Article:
Alternative approaches for a green transition


Comparative Studies of Ideas and Cultures (3rd level)

Interdisciplinary study of institutions and society in the 21st century – politics, economics, technology, epistemology

Course code: 105

Year of Study: Without

Course principal and lecturer:
Asst. Prof. Kaja Primc, Ph. D.
Lidija Živčič, Ph. D.


Workload: lectures 60 hours, seminar 30 hours

Course type: general elective

Languages: Slovene, English

Learning and teaching methods: lectures, discussion classes


Course syllabus


Enrollment in doctoral studies


Content (Syllabus outline):


  • Classical views in the theory of economic growth;
  • Capitalism and the ideology of growth;
  • Finite natural resources and entropy.



  • Sustainable and unsustainable growth;
  • Contradictions of the concept of “sustainable development”;
  • The possibility of degrowth under capitalism;
  • Degrowth, circular economy, and green growth.


Alternative approaches and new methodologies:

  • A different way of organising society (participation, direct democracy, the redistribution of labour, universal basic income, care, solidarity, etc.);
  • Alternative approaches in the economy (alternative indicators, co-ownership, co-operatives, barter, ethical banking, tax reforms, participatory budgets, the production of use value, communing, etc.);
  • Environmental care (resource use, waste, renewables, energy savings and efficiency, energy democracy, eco/community farming, sustainable mobility, etc.);
  • Active citizenship – from personal change to changing global trends, contemporary approaches to participation;
  • Natural resource management, environmental governance;
  • Social and environmental justice and equity;
  • Sustainable education;
  • Eco-systems and new eco-technologies.



  • Abraham, Martin. 2017. Encyclopedia of Sustainable Technologies. London: Elsevier.
  • Burkett, Paul. 2006. Marxism and Ecological Economics. Towards a Red and Green Political Economy. Leiden: Brill.
  • Castoriadis, Cornelius. 1975. L’institution imaginaire de la société. Paris: Éditions du Seuil.
  • D’Alisa, Giacomo, Federico Demaria, and Giorgos Kallis (eds.). 2015. Degrowth – a new vocabulary for a new era. London/New York: Routledge.
  • Daly, Herman E. 1996. Beyond Growth: The Economics of Sustainable Development. Boston: Beacon Press.
  • De Lucia, Vito. 2019. The ecosystem approach in international environmental law – Genealogy and biopolitics. New York: Routledge.
  • Foster, John Bellamy. 2000. Marx’s Ecology. Materialism and Nature. New York: Monthly Review Press.
  • Harvey David. 1996. Justice Nature and the Geography of Difference. Cambridge, MA: Blackwell.
  • Heikkurinen, Pasi, and Toni Ruuska (eds.). 2021. Sustainability beyond Technology: Philosophy, Critique, and Implications for Human Organization. New York: Oxford University Press.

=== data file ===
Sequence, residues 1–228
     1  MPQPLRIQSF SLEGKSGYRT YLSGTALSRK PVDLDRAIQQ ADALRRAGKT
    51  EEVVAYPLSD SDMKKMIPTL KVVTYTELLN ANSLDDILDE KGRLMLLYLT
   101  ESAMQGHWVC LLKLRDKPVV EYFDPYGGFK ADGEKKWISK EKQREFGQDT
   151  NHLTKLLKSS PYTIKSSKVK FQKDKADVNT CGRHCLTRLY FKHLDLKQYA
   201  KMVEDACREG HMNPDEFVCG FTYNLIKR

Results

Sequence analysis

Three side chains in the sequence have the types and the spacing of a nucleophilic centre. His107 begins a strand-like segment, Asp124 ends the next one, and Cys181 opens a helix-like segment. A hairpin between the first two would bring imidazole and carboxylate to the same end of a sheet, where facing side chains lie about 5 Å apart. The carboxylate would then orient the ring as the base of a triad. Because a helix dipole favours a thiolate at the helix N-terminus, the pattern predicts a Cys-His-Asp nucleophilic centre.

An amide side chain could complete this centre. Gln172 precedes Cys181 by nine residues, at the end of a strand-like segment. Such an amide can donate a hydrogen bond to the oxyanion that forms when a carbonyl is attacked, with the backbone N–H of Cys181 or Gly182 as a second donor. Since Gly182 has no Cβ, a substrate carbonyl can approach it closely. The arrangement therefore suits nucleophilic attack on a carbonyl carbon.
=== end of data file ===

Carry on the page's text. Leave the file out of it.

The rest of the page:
• Heikkurinen, Pasi. 2019. “Degrowth: A metamorphosis in being”, Environment and Planning E: Nature and Space. Vol. 2, issue 3: 528-547.
  • Heikkurinen, Pasi. 2018. “Degrowth by means of technology? A treatise for an ethos of releasement”, Journal of Cleaner Production. Vol. 197, Part 2, 1: 1654-1665.
  • Kallis, Giorgos, Susan Paulson, Giacomo D’Alisa, and Federico Demaria. 2020. The case for degrowth. Medford, MA: Polity Press.
  • Latouche, Serge. 2020. “Degrowth and the Paradoxes of Happiness”, Annals of the Fondazione Luigi Einaudi. An Interdisciplinary Journal of Economics, History and Political Science, Torino (Italy): Fondazione Luigi Einaudi, Vol. 54(1), pp. 133-152.
  • Latouche, Serge. 2022. La Décroissance. Deuxième édition. Paris: Humensis.
  • Latouche, Serge. 2009. Preživeti razvoj. Od dekolonizacije ekonomskega imaginarija do oblikovanja alternativne družbe, Transl. Katarina Rotar and Bojan Radej. Ljubljana: Založba /*cf.
  • Meadows, Donella H., Dennis L. Meadows, Jørgen Randers, and William W. Behrens. 1972. The limits to growth. New York: Universe Books.
  • Miller, Thaddeus R. 2015. Reconstructing Sustainability Science: Knowledge and Action for a Sustainable Future. London/New York: Routledge.


Objectives and competences:

  • The ability to familiarise and distinguish between key perspectives of contemporary and current trends in ecological issues: political ecology, ecological and circular economy, eco-psychology, degrowth, environmental Marxism, eco-feminism, eco-criticism, eco-urbanism, natural resource management, environmental governance, contemporary participatory approaches, social and environmental justice and equity;
  • An understanding of the fundamental eco-concepts of degrowth, sustainability, alternative natural resources, eco-systems, entropy, care;
  • Development of the ability to think critically about the logic of growth and explore alternative approaches to the logic of degrowth.


Intended learning outcomes:

Through introduction of key theories and alternative approaches, the students will absorb state-of-the-art analysis to the challanges of sustainable development under the condition of natural constraints.


Learning and teaching methods:

Types of learning/teaching:

  • Frontal teaching
  • Work in smaller groups or pair work
  • Independent students work
  • e-learning


Teaching methods:

  • Explanation
  • Conversation/discussion/debate
  • Work with texts
  • Case studies
  • Inviting guests from companies



  • 20 % Short written assignments
  • 80 % Long written assignments


Lidija Živčič, Ph. D.